How to Use the OPENROWSET Function to Read Text Files

openrowset

Fayed, a student in Learning Tree’s Introduction to SQL Server, asked how to import text files into SQL Server. Quite a difficult question, actually, because there are many different ways. The hardest part is choosing the method that is best for the task at hand. Today we’re going to take a look at reading text files using SQL Server’s OPENROWSET ( ) function.

Manu SQL Server users discover OPENROWSET in the context of querying linked servers. However, OPENROWSET can read files as well. It can perform single blob reads, which can be useful for bringing XML data into columns or variables of XML datatype. A major advantage of OPENROWSET for the reading of text files is that we don’t need to import the data into a table if we do not wish. OPENROWSET allows you to directly query data from a file on the hard drive without importing it.

To use OPENROWSET with a flat file, we must first create a format file describing the file structure. This can be done using the classic technique or by creating a newer XML-style format file. We will use the classic technique here.

We’ll start with a sample file, DJ1985.txt, that contains daily Dow Jones averages from 1885 to 2008. This file is a conventional comma-separated values file. The data file and associated format and query files can be downloaded here. The format file necessary to read DJ1885.txt looks like this:

Format file for DJ1885 data file

The first line is the version number. The version number for SQL Server 2016 is 13.0, but 9.0 is used here for compatibility with older versions of SQL Server. Below the version number is the number of columns, in this case 8. Then, for each column in the file, there is a descriptor row in the format file. In this example each column has the same datatype, SQLCHAR, meaning that the file contains ANSI text data in the current code page. The datatype column refers to the datatype in the file, not the destination datatype in SQL Server. Column 1, for example, contains date data, but it’s still SQLCHAR in the file.

The third and fourth columns describe the column width, and are ignored if a column separator character is provided. In this example, all the numbers in column four in the format file could be set to zero and it would make no difference.

We will not discuss fixed-width files here, but there is a fixed-width version of the data file and a corresponding format file in the zip file provided with this blog.

Querying the File

Once the format file is complete, we are ready to write our query.

SELECT * FROM OPENROWSET(BULK ’C:\Temp\DJ1885.txt’ ,

FORMATFILE=’C:\Temp\DJ1885.fmt’) AS Test — Correlation name for table is required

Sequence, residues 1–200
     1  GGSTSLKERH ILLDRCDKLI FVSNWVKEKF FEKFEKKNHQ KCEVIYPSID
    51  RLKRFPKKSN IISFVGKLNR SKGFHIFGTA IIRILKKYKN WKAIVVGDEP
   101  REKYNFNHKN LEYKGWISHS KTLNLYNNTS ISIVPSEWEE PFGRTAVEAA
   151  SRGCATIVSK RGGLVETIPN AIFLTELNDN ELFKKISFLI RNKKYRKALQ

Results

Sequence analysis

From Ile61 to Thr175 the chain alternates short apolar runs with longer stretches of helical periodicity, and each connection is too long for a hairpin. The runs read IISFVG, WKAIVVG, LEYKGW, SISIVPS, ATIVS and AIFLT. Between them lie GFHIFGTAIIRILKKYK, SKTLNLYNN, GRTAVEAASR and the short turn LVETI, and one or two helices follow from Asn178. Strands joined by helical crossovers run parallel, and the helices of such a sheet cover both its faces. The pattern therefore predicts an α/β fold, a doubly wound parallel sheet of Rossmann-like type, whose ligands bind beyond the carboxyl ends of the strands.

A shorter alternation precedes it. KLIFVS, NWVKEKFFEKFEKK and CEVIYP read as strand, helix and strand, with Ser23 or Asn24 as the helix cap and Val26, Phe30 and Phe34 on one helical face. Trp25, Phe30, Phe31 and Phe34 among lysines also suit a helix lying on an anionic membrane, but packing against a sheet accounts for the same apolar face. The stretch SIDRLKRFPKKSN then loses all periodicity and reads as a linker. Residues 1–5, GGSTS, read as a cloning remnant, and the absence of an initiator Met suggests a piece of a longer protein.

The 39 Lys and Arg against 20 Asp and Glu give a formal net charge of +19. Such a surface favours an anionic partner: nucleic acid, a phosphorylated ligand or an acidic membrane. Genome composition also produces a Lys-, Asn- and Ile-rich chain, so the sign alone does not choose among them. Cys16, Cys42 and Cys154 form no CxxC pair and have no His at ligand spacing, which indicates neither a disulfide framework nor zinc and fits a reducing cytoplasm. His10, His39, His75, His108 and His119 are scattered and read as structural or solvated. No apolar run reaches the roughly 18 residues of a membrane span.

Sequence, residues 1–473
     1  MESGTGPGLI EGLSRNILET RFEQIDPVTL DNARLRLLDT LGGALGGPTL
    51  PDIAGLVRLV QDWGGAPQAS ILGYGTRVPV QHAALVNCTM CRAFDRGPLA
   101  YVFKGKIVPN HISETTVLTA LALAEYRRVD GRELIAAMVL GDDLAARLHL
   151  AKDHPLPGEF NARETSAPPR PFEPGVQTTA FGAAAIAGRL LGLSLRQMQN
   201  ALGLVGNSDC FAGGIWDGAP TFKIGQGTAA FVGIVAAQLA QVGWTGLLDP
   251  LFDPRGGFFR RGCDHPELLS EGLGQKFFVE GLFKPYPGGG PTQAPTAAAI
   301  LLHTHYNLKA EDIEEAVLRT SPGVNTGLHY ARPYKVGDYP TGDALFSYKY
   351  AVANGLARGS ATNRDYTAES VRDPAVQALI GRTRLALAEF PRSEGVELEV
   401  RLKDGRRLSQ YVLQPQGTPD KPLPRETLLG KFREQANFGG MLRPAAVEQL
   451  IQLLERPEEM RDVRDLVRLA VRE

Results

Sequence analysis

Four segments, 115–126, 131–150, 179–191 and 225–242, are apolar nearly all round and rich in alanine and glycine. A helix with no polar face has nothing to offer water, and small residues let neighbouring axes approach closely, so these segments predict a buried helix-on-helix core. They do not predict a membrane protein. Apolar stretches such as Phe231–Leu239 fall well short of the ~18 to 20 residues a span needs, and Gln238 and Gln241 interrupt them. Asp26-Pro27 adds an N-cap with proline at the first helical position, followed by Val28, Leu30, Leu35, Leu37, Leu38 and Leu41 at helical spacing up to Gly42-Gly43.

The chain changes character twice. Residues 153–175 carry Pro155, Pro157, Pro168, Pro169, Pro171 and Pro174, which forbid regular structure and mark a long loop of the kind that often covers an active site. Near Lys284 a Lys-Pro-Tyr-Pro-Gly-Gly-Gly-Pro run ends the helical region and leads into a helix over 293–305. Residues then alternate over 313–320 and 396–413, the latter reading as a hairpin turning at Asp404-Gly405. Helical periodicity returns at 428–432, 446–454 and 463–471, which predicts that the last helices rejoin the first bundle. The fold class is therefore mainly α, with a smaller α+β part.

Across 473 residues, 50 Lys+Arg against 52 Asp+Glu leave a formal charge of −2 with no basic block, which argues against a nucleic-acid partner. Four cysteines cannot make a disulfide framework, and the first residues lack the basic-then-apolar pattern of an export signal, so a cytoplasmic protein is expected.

Since this SELECT statement follows the same rules as any other SELECT, we can join the text results to other tables or merely include a WHERE clause. Similarly, since the column names are defined in the format file, we are not limited to selecting “*”.

SELECT Date, DJIA FROM OPENROWSET(BULK ’C:\Temp\DJ1885.txt’ ,

FORMATFILE=’C:\Temp\DJ1885.fmt’) AS Test — Correlation name for table is required

WHERE DayOfWeek = ’Mo’

Performing Numeric Calculations

SQL Server knows that it is reading text, but has no way of knowing what that text means to us humans. Many numeric calculations will therefore require an explicit type conversion.

SELECT DATEPART(YY, Date)AS Year, AVG(CAST(DJIA AS DECIMAL(8,2)))AS Average FROM OPENROWSET(BULK ’C:\Temp\DJ1885.txt’ ,

FORMATFILE=’C:\Temp\DJ1885.fmt’) AS Test

GROUP BY DATEPART(YY, Date)

ORDER BY Year

A Much Bigger File and Comparison with BULK INSERT

Of course, if we can select rows from the file we can also insert those rows into an SQL Server table. This raises the question of how OPENROWSET compares with BULK INSERT. To examine this, we will use the larger Ratings.csv file from the MovieLens dataset, a popular example dataset for learning about data mining. The format and query files can be found here. The MovieLens dataset set used here is quite large, including 20 million individual ratings. Grouplens.org provides several download options for this data and smaller subset data files.

Here is the format file:

Format file for movieLen ratings file

We can use the same format file for both OPENROWSET and BULK INSERT. The data file, however, contains column names in the first row, so we must use FIRSTROW to indicate that the first row of data is actually row 2 in this file.

INSERT Ratings SELECT * FROM OPENROWSET(BULK C:\Temp\Ratings.csv’ ,

FORMATFILE=C:\Temp\MovieLensRatings.fmt’,

ERRORFILE=C:\Temp\MovieLensRatings.err’, — error files are created and must not already exist

— error files are not created unless there are errors

— first row in file contains column names; data starts in row 2

FIRSTROW=2) AS Test

The corresponding BULK INSERT statement:

BULK INSERT Ratings FROM C:\Temp\Ratings.csv’ WITH (FORMATFILE=C:\Temp\MovieLensRatings.fmt’, FIRSTROW=2)

The INSERT statement using OPENROWSET executes in 1:09. The BULK INSERT statement took 2:28. We cannot draw any conclusions without testing more files and a variety of different circumstances, but I was pleased to discover that in this case OPENROWSET actually seemed to run faster than BULK INSERT.

Conclusion

Though often associated with linked servers, the OPENROWSET( ) function provides an easy and convenient means to query and import data from flat files. In at least some cases, OPENROWSET may be faster than BULK INSERT.

Learn how to execute dynamic queries using OPENROWSET in Learning Tree’s course, SQL Server Transact-SQL Programming.

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